The ultrasound data collected from the ROI can then be used to distinguish between tissue and blood

During act 107, the system may calculate a 1D or 2D correlation or cross-correlation (generally, the correlation) between two or more frames of the collected ultrasound information. For example, discrete-time signals of two or more frames of the RIO may be captured and cross-correlated, and a correlation coefficient is calculated. In certain embodiments, the two or more frames are consecutive. In other embodiments, the two or more frames are spaced apart in a pre-defined period of time. The correlation may be performed by any suitable application and/or algorithm well known in the art. For example, using techniques described in Proakis and Manolakis, Digital Signal Processing, 4th Edition, Pearson 2007, Oppenheim, Alan V., and Ronald W. Schafer. Discrete-time signal processing. Pearson Higher Education, 2010; and MIT OpenCourseWare, 2.161 Signal processing: Continuous and Discrete, https://ocw.mitedu/courses/mechanical-engineering/2-161-signal-processing-continuous-and-discrete-fall-2008/lecture-notes/lecture_22.pdf (Fall 2008). In certain embodiments, correlation coefficients between frames may be determined by using existing multiply and sum correlation methods to assess lags or differences between two or more signals of frames. These methods can be applied at one or more signals between two frames (e.g. one or more corresponding signals from each frame), and the result is a correlation signal as a function of lag. In one embodiment, one or more signals from a frame may be compared to one or more signals from another frame. In another embodiment, one or more plurality of signals from a frame may be compared to one or more plurality of signals from another frame ((e.g. signals within a segmented window of a frame may be compared to signals within a segmented window of another frame).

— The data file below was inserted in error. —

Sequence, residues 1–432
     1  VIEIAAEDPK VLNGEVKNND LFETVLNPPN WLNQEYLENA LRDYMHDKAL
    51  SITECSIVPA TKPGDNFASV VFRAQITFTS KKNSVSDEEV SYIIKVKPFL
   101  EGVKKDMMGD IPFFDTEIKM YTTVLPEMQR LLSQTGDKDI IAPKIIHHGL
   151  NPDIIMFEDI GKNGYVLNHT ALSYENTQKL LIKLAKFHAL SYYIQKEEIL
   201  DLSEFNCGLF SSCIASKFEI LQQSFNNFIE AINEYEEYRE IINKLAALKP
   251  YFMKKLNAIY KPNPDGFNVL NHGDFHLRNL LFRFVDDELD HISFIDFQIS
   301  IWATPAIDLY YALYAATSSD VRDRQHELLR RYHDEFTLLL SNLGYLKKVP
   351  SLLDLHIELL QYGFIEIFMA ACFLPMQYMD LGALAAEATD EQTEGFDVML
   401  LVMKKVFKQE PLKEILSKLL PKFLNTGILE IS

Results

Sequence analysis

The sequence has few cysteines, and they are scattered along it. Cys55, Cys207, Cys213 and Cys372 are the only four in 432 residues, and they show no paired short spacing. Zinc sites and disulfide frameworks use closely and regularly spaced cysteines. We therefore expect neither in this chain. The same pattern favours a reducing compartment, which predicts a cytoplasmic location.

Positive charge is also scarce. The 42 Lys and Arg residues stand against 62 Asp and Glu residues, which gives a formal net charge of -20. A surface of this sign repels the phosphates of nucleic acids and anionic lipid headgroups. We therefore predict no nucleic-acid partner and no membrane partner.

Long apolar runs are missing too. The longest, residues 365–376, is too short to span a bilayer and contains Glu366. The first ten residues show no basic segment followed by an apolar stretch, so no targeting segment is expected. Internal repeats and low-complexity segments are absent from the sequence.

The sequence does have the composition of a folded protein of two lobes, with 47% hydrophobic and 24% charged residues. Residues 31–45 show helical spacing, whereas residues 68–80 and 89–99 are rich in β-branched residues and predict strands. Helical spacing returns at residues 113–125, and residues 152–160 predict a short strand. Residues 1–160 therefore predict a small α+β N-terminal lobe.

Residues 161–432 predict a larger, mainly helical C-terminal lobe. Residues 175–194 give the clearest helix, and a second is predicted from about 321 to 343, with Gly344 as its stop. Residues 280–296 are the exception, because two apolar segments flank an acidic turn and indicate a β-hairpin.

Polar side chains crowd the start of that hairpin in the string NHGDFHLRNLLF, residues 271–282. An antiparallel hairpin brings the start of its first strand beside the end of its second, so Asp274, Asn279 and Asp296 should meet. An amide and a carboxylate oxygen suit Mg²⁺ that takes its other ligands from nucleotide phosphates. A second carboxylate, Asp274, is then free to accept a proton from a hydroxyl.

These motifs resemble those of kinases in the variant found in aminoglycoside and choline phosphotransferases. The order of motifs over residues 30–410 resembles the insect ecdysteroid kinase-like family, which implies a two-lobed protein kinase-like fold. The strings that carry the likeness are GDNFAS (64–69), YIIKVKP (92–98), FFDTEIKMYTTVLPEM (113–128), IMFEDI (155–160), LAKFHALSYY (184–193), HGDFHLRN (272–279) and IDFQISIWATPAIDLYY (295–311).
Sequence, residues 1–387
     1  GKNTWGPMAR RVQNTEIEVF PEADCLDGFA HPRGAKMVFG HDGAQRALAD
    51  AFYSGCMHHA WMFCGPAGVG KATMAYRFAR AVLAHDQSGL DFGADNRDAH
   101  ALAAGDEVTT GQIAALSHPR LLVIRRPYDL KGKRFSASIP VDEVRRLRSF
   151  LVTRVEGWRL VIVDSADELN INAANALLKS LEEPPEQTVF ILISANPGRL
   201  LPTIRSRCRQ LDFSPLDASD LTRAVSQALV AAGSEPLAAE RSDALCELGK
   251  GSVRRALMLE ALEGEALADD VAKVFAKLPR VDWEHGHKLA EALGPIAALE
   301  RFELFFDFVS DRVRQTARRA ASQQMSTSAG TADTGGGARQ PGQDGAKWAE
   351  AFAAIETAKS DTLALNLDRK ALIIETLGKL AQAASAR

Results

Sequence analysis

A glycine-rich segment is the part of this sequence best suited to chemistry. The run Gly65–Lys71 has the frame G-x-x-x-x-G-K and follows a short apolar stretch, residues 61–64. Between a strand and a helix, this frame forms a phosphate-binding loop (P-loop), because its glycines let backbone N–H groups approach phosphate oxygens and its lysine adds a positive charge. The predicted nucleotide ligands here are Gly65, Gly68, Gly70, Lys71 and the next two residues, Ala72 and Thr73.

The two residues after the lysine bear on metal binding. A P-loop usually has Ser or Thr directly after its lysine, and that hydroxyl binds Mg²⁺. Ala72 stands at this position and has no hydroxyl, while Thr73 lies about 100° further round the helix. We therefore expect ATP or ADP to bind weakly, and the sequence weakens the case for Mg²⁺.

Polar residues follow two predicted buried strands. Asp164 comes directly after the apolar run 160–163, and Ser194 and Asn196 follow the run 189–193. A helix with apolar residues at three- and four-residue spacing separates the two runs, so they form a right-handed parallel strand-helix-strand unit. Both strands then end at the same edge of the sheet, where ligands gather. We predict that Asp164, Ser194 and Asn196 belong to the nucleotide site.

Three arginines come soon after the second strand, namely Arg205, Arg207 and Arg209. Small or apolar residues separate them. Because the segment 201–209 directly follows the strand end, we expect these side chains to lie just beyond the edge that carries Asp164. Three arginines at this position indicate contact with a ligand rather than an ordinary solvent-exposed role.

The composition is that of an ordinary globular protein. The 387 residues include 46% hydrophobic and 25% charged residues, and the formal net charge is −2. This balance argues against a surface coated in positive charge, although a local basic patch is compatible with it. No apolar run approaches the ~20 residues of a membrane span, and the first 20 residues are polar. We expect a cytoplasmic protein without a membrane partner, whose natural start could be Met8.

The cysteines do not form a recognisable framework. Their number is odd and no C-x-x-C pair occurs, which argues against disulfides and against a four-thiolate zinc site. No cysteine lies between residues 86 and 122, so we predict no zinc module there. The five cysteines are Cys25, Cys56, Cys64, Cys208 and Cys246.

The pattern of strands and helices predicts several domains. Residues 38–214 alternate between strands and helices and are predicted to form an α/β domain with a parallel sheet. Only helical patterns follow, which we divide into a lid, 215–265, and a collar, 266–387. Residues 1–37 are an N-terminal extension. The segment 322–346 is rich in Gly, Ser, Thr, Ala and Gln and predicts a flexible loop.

Generally, the correlation establishes a relationship of one or more objects between two or more frames. Solids (like tissue, bone, etc.) tend to move in unison in response to a force, and thus signals emitted from solids tend to be strongly correlated—i.e. match well when signals are aligned. Typically, correlation coefficients for solids across frames are about 0.9 or greater, but may be in the range of 0.8 or greater. Whereas, the movement of fluids (blood, plasma, water, etc.) tends to be non-unison (more scattered) in response to a force, and thus the signals emitted from the signals tend to be less strongly correlated. Typically, correlation coefficients for fluids across frames are about 0.8 or lower, but may be in the range of 0.9 or lower. As such, there may be an intermediate correlation coefficient zone of about 0.8-0.9 in which the signals are indicative of tissue and/or fluid.

Systems and methods of the invention may provide threshold correlation coefficients for tissues, fluids, and/or intermediate objects. The calculated correlation coefficients for signals across two or more frames may be compared to the threshold correlation coefficients, and the system may use the comparison to identify the objects within the frames as tissue, fluid, and/or indeterminate. One or more of these determinations may be conducted prior to or after generation of the correlation coefficient map (act 109). In certain embodiments, a single correlation coefficient threshold is used to differentiate solid and fluids in the imaging data, and the single correlation coefficient threshold may be about 0.80, 0.81, 0.82, 0.83 . . . , 0.90, or 0.91. In other embodiments, there may be a tissue correlation coefficient threshold separate from a fluid correlation coefficient threshold, in which a) calculated correlation coefficients above the tissue correlation coefficient threshold may be identified as tissue, b) calculated correlation coefficients below the fluid correlation coefficient threshold may be identified as fluid. The tissue correlation coefficient threshold may be, for example, 0.85, 0.86 . . . , 0.90, 0.91. The fluid correlation coefficient threshold may be, for example, 0.79, 0.80, . . . , 0.84, 0.85. In some instances, objects having a correlation coefficient value between the fluid and tissue coefficient thresholds may be identified as indeterminable to the operator such that further investigation into object-type may be conducted.

After completing act 107, the process may continue to act 109.

During act 109, the system may generate a correlation coefficient (CC) map in accordance with the collected ultrasound information. The CC map may indicate different extents of correlation and de-correlation (e.g., frame to frame), and hence different motion patterns between blood and surrounding soft tissues. For the sake of clarity, it will be assumed that as the correlation decreases, the de-correlation increases.